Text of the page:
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Home Brew Forums > Home Brewing Beer > Bottling/Kegging > 10' 3/16" beer line, 14psi, foamy & flat. What gives?
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Old 01-26-2013, 02:00 PM   #11
alestateyall
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The cold temp will hold co2 in the beer. If you over carb your beer it is a difficult process to get the co2 already in the beer out. It is harder than just turning down the pressure and waiting a day. You really need to vent the pressure (vent all the pressure off), drop the pressure down half way below your target, wait a day, try your beer. Repeat venting daily or two to three times daily until the beer is serveable. Then turn the pressure back to your serving pressure.

Your experience sounds a lot like mine on my first kegged beer. All that rocking and setting the pressure high to burst carb is very difficult to do right. Every keg since I set the pressure to 12 PSI and wait 2-3 weeks. The beer is carbed after 2 weeks but I find it is better aged another week or two.

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Old 01-26-2013, 02:04 PM   #12
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Its likely overcarbed as BobbyM alluded to. If you overcarb it, time is not going to allow it to stabilize. The amount of gas absorbed by the liquid is directly proportional to the amount of pressure in the gas space above it. The only way to then remove the gas from solution is to reduce the pressure in the headspace (vent it). Then, as gas comes out of solution, the pressure in the headspace increases until the vapor pressure equalizes again. Then you vent again. Its a pain in the ass. So to test out your issue, set the keg for 24 hours with the vent open and let the CO2 escape. Pour it at your desired pressure and see what happens. If its pouring well, good. Then recarb it at the proper pressure.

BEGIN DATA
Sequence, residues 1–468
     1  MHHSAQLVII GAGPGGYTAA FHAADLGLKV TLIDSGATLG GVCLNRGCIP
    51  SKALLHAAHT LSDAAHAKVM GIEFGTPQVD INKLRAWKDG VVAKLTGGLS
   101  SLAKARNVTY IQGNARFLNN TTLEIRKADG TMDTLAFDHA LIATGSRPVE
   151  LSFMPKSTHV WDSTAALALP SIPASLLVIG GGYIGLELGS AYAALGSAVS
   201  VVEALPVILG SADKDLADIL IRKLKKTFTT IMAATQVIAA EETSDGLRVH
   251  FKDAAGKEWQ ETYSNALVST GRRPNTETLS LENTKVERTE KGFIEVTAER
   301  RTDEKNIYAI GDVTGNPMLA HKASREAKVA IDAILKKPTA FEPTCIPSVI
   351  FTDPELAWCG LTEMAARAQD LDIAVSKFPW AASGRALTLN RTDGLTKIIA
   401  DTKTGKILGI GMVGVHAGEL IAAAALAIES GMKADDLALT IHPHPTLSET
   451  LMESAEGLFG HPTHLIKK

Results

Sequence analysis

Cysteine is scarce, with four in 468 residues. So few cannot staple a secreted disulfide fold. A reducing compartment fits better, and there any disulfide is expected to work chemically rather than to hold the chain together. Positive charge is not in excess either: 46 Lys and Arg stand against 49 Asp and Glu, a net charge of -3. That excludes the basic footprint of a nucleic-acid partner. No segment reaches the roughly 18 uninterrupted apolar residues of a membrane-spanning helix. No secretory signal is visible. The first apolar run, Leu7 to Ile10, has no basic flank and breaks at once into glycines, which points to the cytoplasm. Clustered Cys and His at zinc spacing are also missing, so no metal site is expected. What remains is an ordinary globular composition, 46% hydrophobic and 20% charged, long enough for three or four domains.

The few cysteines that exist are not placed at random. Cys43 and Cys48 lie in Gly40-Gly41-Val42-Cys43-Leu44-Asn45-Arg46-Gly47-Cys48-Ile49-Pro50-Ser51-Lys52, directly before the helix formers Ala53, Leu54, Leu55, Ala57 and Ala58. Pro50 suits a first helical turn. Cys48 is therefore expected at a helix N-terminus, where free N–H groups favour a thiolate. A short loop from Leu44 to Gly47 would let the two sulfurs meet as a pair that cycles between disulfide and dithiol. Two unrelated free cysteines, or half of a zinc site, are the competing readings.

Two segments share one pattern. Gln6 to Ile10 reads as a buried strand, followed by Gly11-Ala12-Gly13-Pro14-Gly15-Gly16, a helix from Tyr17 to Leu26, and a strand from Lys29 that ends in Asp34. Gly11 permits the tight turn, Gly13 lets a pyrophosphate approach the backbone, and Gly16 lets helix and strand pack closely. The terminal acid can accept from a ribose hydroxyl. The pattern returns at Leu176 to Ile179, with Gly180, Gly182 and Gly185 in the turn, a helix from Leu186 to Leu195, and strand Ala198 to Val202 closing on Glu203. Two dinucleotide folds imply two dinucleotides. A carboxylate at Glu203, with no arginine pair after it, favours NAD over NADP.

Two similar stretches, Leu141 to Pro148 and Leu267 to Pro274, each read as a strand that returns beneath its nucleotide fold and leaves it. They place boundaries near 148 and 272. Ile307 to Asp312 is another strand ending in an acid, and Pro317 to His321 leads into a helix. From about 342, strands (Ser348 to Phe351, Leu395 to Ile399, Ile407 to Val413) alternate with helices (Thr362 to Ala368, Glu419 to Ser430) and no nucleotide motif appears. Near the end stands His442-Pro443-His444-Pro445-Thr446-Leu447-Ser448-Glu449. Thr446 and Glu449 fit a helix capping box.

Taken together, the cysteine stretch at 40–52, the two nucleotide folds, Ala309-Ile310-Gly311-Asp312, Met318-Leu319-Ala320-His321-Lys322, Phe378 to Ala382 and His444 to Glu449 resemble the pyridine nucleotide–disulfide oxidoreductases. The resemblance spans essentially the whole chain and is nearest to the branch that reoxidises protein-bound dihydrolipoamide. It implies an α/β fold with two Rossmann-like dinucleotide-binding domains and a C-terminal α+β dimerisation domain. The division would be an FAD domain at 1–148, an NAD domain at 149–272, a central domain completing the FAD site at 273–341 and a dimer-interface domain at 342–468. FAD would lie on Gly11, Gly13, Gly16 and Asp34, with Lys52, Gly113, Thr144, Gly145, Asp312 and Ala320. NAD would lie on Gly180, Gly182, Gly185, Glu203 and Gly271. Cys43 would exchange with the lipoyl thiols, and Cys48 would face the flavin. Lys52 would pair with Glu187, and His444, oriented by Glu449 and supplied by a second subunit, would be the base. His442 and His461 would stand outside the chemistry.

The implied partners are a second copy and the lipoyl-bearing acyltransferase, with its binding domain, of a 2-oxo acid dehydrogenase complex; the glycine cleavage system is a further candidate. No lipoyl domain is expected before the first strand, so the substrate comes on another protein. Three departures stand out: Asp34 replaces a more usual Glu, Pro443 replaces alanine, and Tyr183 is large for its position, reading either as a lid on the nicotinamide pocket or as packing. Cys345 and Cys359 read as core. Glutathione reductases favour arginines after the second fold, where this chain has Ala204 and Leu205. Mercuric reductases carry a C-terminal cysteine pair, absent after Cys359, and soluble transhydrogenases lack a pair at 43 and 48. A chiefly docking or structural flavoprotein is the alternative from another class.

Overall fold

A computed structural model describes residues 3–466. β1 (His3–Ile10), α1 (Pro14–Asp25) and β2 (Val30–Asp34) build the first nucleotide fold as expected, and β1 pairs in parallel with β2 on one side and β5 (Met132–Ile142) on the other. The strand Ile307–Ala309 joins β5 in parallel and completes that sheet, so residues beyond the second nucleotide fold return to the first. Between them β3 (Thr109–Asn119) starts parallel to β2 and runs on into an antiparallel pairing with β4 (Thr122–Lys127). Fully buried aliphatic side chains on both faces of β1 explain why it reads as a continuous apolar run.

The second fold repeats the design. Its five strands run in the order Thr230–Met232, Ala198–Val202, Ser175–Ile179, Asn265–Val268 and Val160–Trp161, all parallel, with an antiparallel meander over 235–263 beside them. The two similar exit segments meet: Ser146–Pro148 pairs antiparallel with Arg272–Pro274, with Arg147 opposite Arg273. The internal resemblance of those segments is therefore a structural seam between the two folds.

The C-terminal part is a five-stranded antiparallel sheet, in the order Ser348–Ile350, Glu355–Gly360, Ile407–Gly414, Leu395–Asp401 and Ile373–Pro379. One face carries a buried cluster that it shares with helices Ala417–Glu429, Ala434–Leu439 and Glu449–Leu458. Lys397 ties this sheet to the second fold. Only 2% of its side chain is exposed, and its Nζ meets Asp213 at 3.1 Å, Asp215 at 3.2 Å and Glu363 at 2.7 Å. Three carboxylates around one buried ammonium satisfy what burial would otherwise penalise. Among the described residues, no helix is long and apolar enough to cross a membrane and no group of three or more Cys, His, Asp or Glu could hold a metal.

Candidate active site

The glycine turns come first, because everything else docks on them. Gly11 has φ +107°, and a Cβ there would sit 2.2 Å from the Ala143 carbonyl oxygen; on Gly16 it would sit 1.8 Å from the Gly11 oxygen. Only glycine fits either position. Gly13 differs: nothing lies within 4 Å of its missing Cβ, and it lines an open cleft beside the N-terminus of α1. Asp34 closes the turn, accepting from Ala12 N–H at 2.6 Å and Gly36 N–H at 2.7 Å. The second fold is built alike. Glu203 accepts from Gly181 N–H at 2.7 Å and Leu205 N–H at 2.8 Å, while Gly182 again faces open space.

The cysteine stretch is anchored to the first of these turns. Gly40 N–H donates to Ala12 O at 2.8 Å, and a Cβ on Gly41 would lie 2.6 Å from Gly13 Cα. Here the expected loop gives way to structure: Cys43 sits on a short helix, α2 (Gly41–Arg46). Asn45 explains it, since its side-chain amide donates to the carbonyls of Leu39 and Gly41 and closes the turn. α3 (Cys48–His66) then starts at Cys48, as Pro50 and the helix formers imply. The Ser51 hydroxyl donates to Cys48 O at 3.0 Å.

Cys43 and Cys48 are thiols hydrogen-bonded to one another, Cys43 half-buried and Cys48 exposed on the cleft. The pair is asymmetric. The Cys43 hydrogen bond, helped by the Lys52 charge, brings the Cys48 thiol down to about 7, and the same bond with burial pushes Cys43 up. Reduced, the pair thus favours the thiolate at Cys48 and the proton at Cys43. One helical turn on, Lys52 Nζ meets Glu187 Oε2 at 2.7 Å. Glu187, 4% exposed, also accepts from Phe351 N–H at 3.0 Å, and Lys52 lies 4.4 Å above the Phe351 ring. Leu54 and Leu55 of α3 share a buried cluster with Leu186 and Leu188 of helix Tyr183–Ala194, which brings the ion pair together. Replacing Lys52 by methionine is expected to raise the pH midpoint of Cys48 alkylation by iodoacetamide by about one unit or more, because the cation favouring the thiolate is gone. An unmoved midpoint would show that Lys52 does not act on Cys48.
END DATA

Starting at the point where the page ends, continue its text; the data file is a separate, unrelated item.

The best way to to carb is to have patience. Determine your desired carbonating pressure at the beginning (16 psi?). Set your keg at that pressure and leave it for a week or two (like bottling). If you need it faster, rock and roll at that pressure. You will not overcarb it. However, ifyou attempt to speed things up by raising the pressure to 20 psi, you run the risk of overcarbing and messing with it for a week to get the pressure back down. Not worth it.

Do yourself a favor and be patient...also ensure some other tips that were mentioned like the proper line length (which you have), operating the tap properly (full open), and ensuring a cold line (glass is not as important...frosty mug = bad). You may still get some foam or flatness in the initial pour, but then you'll be golden. As for line length, you are correct, you need enough line to add enough friction to slow the liquid down and not foam out. This slows the pour rate. If the pour rate gets to be waaay to slow, you can trim back the line length 4 inches at a time and test your pour to reach the desired length.

There are a ton of misconceptions on this forum and elsewhere about how to keg beer, but its all in the science. Burst carbing is unreliable and inconsistent. Having to drop your pressure to serve it is a symptom of lack of friction loss in the line (too short or too big). Micromatic has some good info on draft lines. Hope this helps you guys out.

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Old 01-26-2013, 04:06 PM   #13